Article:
Rebel women gave up corsets to compete in the Olympics. One kept records
Australia almost missed making Olympic history 111 years ago because our first two female medalists, swimmers Mina Wylie and Fanny Durack, faced obstacles.
Boarding alone the ship that would take the Australian athletes to the 1912 Stockholm Games had been a challenge for Wylie and Durack because an archaic rule of the NSW Ladies’ Amateur Swimming Association had barred women from being in the presence of men to take part in competitions.
After a public outcry that led to the dropping of that rule, officials claimed there was only enough money to send male athletes to Stockholm. The Australian public united behind a fundraiser to send the first two women to the games, where they won pool silver and gold respectively.
Looking for Mina Wyliesheds light on “those rebellious young women who gave up corsets and restrictive ruffles… and went head-to-head in ocean pools,” says author Grace Barnes.
Barnes, a theater director and regular swimmer at Wylie’s Baths, who has also written a PhD on early swimmers as an emblem of early Australian feminism, used a vast archive unearthed beneath Wylie’s family home as the basis for her book.
For decades, Wylie hoarded everything from every swimming competition she competed in – from Stockholm to Sydney – as one of the nation’s first female sports stars and one of the greatest swimmers Australia has produced.
Programs, posters, autographs, medals, newspaper clippings and photographs, which she methodically packed into 13 individual boxes in an airtight metal crate and placed under her family home in Neptune Street, Coogee. She locked it with a key which she kept and didn’t tell anyone.
The swimming champion, who trained with her rival Durack in the pool Wylie’s father Henry built into the Coogee rocks in 1907, won 115 state and national titles between 1906 and 1934 and held world records in the freestyle, breaststroke and backstroke.
When she moved into a nursing home in Sydney after 42 years of swimming lessons at Presbyterian Ladies’ College, Pymble, she did not even tell her family, friends or colleagues of the existence of these records.
When she died in 1984 at the age of 93, the secrets of the unmarried but cosmopolitan Wylie could have been buried with her in Randwick Cemetery. But for Meredith Clark, who bought the house that had been Wylie’s home for over 50 years, broke the chest open and donated this treasure trove of swimming history to the Mitchell Library of the State Library of NSW.
It is this archive, little touched upon since 1986, that forms the basis of Barnes’ book, published by UK’s Austin Macauley Publishers.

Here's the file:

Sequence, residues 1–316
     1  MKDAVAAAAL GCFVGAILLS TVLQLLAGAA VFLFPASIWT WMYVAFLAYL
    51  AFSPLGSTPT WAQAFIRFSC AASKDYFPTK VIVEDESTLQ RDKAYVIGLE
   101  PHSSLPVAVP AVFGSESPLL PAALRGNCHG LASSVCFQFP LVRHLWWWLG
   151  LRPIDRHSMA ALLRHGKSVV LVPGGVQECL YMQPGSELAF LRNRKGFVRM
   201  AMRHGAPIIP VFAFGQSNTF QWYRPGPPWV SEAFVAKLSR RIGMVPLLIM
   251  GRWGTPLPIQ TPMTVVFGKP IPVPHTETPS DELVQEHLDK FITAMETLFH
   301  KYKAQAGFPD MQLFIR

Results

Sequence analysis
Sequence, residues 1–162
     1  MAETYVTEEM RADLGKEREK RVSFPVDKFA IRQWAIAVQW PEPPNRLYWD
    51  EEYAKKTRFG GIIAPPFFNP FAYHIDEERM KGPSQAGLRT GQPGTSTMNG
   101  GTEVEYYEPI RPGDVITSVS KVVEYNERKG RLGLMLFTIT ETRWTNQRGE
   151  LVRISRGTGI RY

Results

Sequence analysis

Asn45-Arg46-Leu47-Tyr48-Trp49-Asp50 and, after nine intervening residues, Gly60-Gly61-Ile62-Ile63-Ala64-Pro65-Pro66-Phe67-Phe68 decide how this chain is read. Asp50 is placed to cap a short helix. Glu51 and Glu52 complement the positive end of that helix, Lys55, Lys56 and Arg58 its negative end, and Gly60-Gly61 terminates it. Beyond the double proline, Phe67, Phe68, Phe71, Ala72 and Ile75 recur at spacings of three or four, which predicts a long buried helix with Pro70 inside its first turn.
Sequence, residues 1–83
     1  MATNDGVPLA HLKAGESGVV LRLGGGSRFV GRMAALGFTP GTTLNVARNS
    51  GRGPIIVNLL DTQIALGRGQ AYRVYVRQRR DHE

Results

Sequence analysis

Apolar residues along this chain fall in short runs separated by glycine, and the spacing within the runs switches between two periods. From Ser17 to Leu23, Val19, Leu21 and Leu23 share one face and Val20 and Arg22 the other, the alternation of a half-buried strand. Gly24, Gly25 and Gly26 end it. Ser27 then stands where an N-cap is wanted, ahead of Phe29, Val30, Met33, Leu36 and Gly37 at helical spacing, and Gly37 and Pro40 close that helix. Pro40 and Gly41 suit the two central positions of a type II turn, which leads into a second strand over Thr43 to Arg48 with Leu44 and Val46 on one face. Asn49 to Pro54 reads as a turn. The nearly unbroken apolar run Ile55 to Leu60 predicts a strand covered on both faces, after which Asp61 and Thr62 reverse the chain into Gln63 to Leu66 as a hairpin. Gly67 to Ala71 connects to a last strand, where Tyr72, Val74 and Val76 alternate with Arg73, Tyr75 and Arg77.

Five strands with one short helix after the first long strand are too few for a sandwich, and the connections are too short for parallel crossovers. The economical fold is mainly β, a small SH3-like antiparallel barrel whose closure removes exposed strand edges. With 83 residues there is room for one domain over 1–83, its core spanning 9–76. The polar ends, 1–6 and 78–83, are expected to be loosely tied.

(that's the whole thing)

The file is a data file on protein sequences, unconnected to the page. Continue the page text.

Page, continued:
It offers a fuller picture of the woman who swam against the current of Victorian virtues and plunged into the pool to compete in the new international sport of swimming at the 1912 Stockholm Olympics. There are handwritten letters from adoring fans addressed simply to “Mina Wylie, Coogee” postcards and diaries detailing the struggles facing athletic women of their day.
Thanks to her cunning and eye for history, Wylie is not only becoming a feminist icon, but also the first archivist of Australian competitive swimming.
“Women’s sport was dismissed as abominable or trivial, hence few visual or written records of women’s sporting achievements were kept,” Barnes said.
“This makes Mina’s treasure trove valuable beyond the personal, as she fills a tiny corner of the gaping space where early female athletes were meant to be,” says Barnes.
Sixty years after the Australian public sent Wylie to Stockholm, the nation rallied again in 1975 when she was elected to the International Swimming Hall of Fame in Florida.
When the Whitlam government refused to pay her air fare, as they had done for Dawn Fraser a few years earlier, a public fund was set up by the Whitlam Sun Herald And Sydney Morning Herald to collect money for the forgotten champion to go to the ceremony.
It was the UN’s International Women’s Year and Australians were still celebrating the achievements of another young female swimming sensation, five-time 1972 Olympic medalist Shane Gould, as the public embraced her again and sent her to “take her place among the greats of international swimming.” “.
A sculpture of her by Eileen Slarke is in Coogee’s Wylie’s Baths, but Barnes wants Wylie’s legacy to “prove that swimming is a sport where women can prove they are just as good, if not better, than men”.
“The fact that Mina Wylie is remembered at all in contemporary culture is remarkable given the paucity of records of women’s swimming events in the early days of competition and the male bias in sporting history,” says Barnes.
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https://www.smh.com.au/culture/books/rebel-women-abandoned-corsets-to-race-in-the-olympics-one-kept-a-record-20230303-p5cp9r.html?ref=rss&utm_medium=rss&utm_source=rss_culture Rebel women gave up corsets to compete in the Olympics. One kept records